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Posts Tagged ‘inventé par les gars pour les gars’

In a scene from Les Parent, the young boy Zak comes marching into the house and asks his father if they’ve got any wrapping paper.

Zak has bought a Christmas present for his mother (a funny-looking candle thing that looks like it might be from Dollarama), and now he’s excited to wrap it up. He asks his father:

On a-tu du papier d’emballage?

His father picks up a box of wrapping paper off the floor and brings it to Zak so that they can wrap the present together.

Zak starts slicing away carelessly at the wrapping paper with a pair of scissors and pulling at the tape (he takes about one metre’s worth). Then he goes and tears the paper as he wraps it around the gift, and now the weird candle thing is sticking out…

(A little like the wrapping jobs I used to do as a kid, and sometimes still today. Those gift wrappers in the shopping centres are good but there’s no fooling anybody with that, is there?)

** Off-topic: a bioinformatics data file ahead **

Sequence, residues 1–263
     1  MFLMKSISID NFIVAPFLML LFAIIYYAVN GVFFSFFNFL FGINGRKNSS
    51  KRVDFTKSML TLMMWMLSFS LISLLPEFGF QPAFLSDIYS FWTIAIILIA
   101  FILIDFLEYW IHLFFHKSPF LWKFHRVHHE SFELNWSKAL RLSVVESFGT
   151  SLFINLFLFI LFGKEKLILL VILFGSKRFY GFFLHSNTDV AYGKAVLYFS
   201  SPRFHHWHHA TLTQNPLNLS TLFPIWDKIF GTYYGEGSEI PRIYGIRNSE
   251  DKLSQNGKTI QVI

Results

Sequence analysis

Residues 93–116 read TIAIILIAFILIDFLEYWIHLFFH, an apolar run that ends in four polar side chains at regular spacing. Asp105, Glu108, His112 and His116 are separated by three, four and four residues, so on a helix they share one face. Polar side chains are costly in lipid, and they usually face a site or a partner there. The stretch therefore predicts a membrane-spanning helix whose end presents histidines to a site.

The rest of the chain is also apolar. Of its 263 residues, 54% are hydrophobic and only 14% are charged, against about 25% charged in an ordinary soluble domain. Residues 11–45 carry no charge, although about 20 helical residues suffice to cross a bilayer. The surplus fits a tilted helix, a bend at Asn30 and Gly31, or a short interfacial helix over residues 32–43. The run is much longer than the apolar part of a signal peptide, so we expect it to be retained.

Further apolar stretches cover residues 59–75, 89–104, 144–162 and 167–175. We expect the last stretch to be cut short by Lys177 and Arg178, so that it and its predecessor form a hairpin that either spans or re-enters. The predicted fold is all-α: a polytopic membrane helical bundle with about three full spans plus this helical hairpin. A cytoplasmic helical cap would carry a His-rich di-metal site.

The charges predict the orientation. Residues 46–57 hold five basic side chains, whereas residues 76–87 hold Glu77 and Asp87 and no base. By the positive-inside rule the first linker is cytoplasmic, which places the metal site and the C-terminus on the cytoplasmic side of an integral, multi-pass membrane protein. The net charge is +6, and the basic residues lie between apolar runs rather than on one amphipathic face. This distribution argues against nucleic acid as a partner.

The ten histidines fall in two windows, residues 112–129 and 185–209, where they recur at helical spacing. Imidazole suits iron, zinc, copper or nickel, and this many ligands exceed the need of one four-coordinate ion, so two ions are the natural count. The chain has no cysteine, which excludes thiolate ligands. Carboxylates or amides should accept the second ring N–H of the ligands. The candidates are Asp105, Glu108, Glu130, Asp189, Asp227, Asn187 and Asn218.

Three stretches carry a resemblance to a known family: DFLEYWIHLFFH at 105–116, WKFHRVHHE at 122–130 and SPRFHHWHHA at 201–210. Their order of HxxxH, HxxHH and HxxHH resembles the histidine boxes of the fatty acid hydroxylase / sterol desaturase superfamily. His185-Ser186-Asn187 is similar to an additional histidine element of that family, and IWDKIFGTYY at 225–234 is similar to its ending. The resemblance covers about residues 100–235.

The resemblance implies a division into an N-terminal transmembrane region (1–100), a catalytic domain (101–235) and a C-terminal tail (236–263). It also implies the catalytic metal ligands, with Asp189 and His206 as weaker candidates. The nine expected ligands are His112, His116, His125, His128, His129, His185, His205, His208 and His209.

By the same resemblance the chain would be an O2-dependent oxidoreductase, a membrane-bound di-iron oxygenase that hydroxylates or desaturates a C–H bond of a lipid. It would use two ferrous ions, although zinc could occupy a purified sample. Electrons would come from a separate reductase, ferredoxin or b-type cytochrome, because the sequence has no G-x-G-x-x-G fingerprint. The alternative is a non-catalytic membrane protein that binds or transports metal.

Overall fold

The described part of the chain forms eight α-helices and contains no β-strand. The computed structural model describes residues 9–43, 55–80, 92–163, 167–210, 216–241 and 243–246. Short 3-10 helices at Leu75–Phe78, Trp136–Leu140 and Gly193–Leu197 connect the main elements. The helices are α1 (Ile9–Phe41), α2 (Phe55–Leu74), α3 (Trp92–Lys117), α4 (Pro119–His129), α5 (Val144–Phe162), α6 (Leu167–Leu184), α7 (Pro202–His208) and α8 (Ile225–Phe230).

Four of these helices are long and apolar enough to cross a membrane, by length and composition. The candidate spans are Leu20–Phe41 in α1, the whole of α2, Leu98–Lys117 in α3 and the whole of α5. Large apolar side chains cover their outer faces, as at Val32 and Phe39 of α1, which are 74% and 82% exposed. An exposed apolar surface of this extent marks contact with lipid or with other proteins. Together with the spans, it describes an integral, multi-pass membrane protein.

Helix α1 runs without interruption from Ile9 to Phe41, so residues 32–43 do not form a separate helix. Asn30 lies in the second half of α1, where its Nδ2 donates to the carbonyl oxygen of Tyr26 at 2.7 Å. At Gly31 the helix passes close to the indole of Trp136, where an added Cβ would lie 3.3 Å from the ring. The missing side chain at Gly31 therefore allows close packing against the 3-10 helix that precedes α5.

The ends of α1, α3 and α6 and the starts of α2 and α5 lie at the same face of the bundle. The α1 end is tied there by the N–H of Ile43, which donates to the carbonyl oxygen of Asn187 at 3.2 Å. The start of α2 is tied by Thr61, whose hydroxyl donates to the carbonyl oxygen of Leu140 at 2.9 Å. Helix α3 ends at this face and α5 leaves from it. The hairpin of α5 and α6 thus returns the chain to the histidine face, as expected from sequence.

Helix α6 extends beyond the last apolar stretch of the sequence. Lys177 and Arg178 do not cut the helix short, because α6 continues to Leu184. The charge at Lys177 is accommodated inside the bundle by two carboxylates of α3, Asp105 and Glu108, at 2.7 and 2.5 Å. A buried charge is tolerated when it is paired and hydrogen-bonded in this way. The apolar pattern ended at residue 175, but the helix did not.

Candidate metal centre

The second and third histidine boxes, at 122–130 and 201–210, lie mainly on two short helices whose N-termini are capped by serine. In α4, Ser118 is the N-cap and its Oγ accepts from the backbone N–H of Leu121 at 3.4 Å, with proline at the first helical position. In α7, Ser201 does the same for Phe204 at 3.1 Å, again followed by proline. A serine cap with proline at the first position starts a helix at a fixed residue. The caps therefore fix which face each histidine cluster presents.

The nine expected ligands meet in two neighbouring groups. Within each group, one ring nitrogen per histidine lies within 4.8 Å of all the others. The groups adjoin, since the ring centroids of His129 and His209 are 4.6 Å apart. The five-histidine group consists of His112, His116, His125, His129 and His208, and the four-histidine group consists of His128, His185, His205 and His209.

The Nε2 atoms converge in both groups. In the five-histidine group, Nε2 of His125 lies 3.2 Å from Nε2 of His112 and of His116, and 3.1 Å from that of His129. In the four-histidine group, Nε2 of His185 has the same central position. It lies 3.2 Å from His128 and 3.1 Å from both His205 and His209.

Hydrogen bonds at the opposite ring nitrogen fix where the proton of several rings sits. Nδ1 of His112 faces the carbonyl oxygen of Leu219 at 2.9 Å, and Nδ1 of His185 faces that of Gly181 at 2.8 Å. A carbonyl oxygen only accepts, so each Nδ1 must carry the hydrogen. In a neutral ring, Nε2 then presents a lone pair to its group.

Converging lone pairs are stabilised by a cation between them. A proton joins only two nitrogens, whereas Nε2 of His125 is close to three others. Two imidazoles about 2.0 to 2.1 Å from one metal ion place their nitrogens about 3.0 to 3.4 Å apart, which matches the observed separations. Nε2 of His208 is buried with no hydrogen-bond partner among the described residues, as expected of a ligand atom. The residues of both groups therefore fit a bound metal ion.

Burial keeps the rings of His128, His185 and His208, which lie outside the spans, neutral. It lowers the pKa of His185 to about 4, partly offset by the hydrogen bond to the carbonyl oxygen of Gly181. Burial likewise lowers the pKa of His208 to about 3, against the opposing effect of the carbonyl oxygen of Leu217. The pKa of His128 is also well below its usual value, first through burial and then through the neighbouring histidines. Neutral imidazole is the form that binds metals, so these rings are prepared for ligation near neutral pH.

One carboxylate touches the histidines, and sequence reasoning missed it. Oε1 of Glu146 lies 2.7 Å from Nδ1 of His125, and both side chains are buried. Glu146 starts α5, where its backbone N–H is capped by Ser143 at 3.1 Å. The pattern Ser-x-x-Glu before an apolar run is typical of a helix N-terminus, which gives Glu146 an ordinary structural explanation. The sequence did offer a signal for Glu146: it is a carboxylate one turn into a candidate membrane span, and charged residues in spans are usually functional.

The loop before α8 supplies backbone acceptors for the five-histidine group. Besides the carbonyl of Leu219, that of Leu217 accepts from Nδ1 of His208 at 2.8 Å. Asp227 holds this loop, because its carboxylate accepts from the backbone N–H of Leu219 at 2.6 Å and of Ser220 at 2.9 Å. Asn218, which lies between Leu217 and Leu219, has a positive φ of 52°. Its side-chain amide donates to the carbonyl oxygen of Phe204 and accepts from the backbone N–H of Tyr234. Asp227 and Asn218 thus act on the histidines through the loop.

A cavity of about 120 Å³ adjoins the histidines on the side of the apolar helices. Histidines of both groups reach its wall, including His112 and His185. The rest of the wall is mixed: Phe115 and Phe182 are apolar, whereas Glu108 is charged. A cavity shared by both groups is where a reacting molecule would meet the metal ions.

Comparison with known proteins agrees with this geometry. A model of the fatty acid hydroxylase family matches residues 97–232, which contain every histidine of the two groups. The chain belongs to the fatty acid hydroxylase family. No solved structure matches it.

Back to Zak…

His father looks at his son’s wrapping paper nightmare, and stops him from continuing. He hands Zak a very handy gift bag to put the present in instead. Referring to the bag, he says to his son:

Inventé par les gars, pour les gars!

I still preferred Zak’s bad wrapping job though.

A look at some of the language: On a-tu du papier d’emballage? Zak could have also said this as Est-ce qu’on a du papier d’emballage? They both mean the same thing, and you could hear either one in a conversation. The -tu in this question doesn’t mean “you” — it’s just an informal way to ask a yes-no question. (More here about that.)

Maybe you’ll also remember that gars is pronounced as gâ. In entry #345, I politely pointed out with a hockey example that you don’t want to pronounce gars as garce. So if you were at a hockey match and you called out bravo les garces! allez les garces! instead of bravo les gars! allez les gars!, you might run into a little trouble. (I’d find that funny though and I’d have to make you my best friend. Some hockey players may not share our sense of humour.)

[The quotes above come from Les Parent, “Noël emballant,” season 4, episode 11, Radio-Canada, Montreal, 21 November 2011.]

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